Appellants argue that these statements were inadmissible hearsay because they were not made during the course of or in furtherance of the conspiracy. They assert that Fitzgerald made the statements to cover up after the Count 1 and Count 8 conspiracies had achieved their main goals. Grunewald, supra, 353 U.S. at 405, 77 S.Ct. 963.


Fitzgerald's statements as they relate to Count 1 were admitted against him only, and the jury was so instructed. The limitation was more than appellants were entitled to because from this and other evidence, the jury was entitled to conclude that they were made in furtherance of the Count 1 conspiracy.


Count 8 charged that appellants (with the exception of Kovach) conspired to defraud the IRS by reporting ITAG payments and personal expenses as business expenses on the 1970, 1971, and 1972 partnership tax returns for the Hernly Brothers-Fitzgerald and Stutz joint venture. In our view, there is a sufficient basis to find Fitzgerald's statements were made in furtherance of this conspiracy.


Nevertheless, even if it was error to admit them, the error was harmless. The existence of the Count 8 conspiracy and each conspirator's involvement was established by overwhelming evidence. Fitzgerald's statements added nothing substantial, and their effect was minimal in the light of all of the other evidence. United States v. Smith, 550 F.2d 277, 282 (5th Cir. 1977); United States v. Williams, 548 F.2d 228, 232 (8th Cir. 1977).



Appellants contend that their sixth amendment confrontation rights were violated because their cross-examination of Hernly was limited.


In September, 1972, Hernly retained an attorney to advise him on his criminal liability from transactions with his co-conspirators.


In July, 1975, the government granted Hernly immunity, and shortly thereafter he was interviewed by Justice Department lawyers.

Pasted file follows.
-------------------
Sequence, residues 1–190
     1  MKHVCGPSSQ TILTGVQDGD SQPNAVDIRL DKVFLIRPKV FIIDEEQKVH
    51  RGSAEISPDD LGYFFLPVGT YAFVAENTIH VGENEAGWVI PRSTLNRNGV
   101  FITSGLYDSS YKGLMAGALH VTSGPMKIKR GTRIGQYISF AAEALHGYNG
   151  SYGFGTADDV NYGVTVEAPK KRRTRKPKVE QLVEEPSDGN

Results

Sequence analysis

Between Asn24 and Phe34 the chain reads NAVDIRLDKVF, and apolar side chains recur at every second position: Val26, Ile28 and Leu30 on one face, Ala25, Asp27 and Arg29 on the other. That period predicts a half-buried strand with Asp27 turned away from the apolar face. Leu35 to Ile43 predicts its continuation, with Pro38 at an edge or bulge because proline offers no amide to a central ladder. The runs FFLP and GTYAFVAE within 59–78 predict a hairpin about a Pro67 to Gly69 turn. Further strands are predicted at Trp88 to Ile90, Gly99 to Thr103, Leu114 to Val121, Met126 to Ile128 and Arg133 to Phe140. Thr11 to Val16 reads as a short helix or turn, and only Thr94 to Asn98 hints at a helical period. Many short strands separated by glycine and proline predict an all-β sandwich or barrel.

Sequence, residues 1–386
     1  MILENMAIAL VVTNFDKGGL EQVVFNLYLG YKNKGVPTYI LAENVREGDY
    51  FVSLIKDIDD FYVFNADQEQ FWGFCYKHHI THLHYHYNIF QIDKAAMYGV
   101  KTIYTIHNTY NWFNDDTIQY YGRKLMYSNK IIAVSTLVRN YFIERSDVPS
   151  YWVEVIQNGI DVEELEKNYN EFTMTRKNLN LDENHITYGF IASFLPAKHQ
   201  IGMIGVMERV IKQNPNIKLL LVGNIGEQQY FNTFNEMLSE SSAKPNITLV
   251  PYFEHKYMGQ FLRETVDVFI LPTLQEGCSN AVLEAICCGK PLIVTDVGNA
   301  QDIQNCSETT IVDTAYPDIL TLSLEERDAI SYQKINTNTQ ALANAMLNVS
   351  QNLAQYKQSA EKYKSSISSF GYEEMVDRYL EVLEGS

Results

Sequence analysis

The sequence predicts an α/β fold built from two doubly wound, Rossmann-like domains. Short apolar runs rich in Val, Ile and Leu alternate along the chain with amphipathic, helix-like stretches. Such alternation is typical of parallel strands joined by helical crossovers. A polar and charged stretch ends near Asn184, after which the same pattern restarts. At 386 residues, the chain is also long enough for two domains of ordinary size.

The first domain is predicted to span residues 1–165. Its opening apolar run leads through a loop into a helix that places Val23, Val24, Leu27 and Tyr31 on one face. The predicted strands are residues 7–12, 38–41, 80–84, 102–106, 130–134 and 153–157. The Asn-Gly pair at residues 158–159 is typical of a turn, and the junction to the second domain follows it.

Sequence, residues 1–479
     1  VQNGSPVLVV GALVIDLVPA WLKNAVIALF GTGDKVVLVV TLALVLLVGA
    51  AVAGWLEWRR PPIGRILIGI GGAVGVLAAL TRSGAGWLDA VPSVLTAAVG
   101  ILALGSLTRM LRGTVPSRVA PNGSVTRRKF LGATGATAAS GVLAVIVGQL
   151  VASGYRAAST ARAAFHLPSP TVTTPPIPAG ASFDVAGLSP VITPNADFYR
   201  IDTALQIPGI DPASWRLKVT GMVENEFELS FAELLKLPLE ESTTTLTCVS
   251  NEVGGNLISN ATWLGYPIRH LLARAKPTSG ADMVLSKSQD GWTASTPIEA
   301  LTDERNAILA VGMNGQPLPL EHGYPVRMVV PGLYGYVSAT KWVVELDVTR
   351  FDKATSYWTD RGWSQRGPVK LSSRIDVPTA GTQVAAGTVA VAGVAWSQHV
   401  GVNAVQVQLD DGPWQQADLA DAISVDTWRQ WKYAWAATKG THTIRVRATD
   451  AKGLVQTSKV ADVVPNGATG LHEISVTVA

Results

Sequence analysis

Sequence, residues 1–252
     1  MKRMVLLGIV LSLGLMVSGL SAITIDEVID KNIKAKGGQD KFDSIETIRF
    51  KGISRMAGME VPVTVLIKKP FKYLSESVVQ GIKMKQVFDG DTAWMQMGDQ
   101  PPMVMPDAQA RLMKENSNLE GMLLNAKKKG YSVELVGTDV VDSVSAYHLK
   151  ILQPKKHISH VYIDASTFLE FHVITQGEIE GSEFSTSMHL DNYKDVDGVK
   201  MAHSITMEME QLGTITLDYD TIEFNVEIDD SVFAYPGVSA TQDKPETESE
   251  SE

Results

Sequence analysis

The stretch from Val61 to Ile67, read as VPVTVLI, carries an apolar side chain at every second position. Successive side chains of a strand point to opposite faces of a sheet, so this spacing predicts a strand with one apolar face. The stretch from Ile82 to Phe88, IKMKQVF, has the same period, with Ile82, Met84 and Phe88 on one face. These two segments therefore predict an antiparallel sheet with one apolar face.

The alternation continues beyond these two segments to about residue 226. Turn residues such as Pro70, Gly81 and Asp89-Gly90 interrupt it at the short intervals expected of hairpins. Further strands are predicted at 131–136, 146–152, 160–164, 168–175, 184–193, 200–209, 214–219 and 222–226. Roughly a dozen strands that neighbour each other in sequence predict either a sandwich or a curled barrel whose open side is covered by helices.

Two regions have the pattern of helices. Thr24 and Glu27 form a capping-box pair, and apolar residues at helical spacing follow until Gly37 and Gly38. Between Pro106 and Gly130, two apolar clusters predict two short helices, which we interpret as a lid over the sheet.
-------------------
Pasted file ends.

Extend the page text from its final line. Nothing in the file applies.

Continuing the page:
On cross-examination, Schubert's counsel asked Hernly:


"Did Mr. Tabbert (the attorney) advise you as to what criminal penalties you were facing?"


"Did you know in 1972 and 1973 what criminal penalties you were facing?"


"Why did you make an agreement with the government?"


"Was the number of years that you could possibly get in prison ever discussed with you?"


The government objected to each question, and each objection was sustained. Appellants contend that this limitation on their cross-examination violated their confrontation rights because they were not allowed to fully demonstrate Hernly's bias.


A defendant may not be deprived of the right of "effective" cross-examination when he is attempting to show bias on the part of a government witness. Davis v. Alaska, 415 U.S. 308, 318, 94 S.Ct. 1105, 39 L.Ed.2d 347 (1974). But a trial court has wide discretion to limit cross-examination, particularly when further cross-examination into the witness' subjective thoughts would not be meaningful because of previous testimony revealing the witness' bias. Bastone, supra, 526 F.2d at 981.


The question is whether the jury had sufficient information to make a discriminating appraisal of the witness' motives and bias. United States v. Campbell, 426 F.2d 547, 550 (2d Cir. 1970).


Hernly testified for eleven days. He was exhaustively cross-examined on: his receipt of immunity; subsistence and expense payments from the government; his personal and corporate liability for civil tax assessments and fraud penalties; his tax liability, as well as that of his brothers; the attempts he made to get immunity for his Swiss associates; and his remaining interests in ITAG and BESSI.